Picasso: The Self-Portraits by Pascal Bonafoux - review by James Hall

James Hall

Artist Before a Mirror

Picasso: The Self-Portraits


Thames & Hudson 224pp £30

When we think of Picasso, formal self-portraiture is not a genre that immediately springs to mind. There’s an early flurry starting with the earnest diabolism of Yo Picasso (1901) and ending with the blankly primitivising Self-Portrait with Palette (1906). But beyond that one has to scratch around. Art historians have busied themselves truffling out so-called ‘disguised’ and ‘surrogate’ self-portraits, a pursuit turbocharged by John Richardson’s grandiose psycho-biographies. We had an example at the National Gallery’s recent ‘Picasso Ingres’ exhibition, where the white profile filling the mirror in Woman with a Book (1932) was claimed as Picasso’s own, despite the lack of a close physical match.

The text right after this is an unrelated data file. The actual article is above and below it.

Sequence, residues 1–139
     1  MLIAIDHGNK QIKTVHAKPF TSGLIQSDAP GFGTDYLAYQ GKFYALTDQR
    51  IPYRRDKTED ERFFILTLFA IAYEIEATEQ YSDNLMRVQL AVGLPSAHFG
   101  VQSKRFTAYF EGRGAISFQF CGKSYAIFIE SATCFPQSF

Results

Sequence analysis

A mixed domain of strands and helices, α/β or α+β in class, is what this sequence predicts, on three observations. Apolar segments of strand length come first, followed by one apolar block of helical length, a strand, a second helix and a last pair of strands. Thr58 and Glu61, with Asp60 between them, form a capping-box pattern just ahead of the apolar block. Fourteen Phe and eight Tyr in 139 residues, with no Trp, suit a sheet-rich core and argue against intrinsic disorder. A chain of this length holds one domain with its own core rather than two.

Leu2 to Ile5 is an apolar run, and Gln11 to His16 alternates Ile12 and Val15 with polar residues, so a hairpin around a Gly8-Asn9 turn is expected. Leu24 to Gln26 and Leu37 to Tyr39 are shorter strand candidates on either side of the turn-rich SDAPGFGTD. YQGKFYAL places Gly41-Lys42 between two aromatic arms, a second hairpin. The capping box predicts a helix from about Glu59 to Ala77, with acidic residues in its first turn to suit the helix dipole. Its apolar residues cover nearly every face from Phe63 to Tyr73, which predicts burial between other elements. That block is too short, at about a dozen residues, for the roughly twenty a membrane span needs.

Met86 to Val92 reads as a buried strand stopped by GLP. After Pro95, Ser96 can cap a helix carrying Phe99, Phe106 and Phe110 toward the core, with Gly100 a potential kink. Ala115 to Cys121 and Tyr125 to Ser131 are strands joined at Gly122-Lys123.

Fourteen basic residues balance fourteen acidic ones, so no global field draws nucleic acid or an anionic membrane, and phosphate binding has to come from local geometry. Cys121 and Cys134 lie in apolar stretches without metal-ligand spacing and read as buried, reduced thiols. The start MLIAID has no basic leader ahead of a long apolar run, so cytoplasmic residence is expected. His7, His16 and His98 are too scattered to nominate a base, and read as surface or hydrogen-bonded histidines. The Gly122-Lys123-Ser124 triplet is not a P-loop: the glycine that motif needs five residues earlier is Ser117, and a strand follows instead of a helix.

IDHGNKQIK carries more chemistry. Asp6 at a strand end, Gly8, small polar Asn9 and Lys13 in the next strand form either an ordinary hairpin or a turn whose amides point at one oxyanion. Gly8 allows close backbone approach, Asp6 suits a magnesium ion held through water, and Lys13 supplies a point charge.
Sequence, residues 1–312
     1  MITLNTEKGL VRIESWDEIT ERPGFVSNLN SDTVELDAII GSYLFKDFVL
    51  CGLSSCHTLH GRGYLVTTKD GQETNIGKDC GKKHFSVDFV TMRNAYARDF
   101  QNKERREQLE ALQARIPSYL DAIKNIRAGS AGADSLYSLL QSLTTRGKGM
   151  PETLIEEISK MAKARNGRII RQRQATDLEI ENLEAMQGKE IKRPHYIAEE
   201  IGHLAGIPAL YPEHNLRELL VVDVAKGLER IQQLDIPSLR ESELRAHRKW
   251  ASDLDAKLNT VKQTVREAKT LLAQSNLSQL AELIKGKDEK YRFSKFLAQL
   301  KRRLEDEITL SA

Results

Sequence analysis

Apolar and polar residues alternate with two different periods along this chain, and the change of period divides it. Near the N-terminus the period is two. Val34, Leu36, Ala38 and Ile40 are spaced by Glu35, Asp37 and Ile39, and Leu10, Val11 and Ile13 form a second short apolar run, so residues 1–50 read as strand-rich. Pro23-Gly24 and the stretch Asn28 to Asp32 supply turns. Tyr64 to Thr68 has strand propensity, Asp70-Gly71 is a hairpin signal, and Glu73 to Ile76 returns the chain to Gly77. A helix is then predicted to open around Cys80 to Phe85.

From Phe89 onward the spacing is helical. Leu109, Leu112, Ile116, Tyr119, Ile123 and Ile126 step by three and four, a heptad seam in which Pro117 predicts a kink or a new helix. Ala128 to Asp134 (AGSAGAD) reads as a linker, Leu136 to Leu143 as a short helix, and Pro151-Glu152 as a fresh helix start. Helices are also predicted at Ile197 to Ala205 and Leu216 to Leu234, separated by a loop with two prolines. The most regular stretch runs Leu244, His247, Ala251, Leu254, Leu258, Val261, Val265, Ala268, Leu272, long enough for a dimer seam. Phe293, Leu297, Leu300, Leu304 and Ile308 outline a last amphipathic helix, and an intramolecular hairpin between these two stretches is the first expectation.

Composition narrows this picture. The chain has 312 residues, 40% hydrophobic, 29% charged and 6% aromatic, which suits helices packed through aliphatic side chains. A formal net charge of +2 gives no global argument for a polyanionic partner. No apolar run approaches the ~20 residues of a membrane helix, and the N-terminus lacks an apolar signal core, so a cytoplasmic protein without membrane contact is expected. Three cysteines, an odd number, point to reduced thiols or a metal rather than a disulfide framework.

The truffling craze partly explains why it has taken this long for anyone to do the basics and catalogue all of Picasso’s bona fide self-portraits. Forty years ago, the art historian Pascal Bonafoux started work on a project to document the self-portraits. This was at the behest of Picasso’s widow, Jacqueline, who was convinced that there were far more than previously assumed. She had come to disbelieve the story, related by the photographer Brassaï, that after Picasso learned of the death of his friend the poet Apollinaire in November 1918 while shaving in front of a mirror, he could no longer bear to look in mirrors and stopped depicting himself (he certainly didn’t stop shaving). Bonafoux has found a grand total of 169 drawings, paintings and photographs that qualify as self-portraits, with paper sketches in the ascendancy. They are all lavishly reproduced here in chronological order, preceded by an eighty-page introductory essay. The result is a fascinating picture book that will be an invaluable resource for scholars.

Self-Portrait with Palette is number 109, which means that Picasso conformed to the tradition of self-portraiture being largely a young person’s enterprise: artists wanted to be seen at their physical best, and when starting out they could not always afford models. They might also die suddenly and wanted

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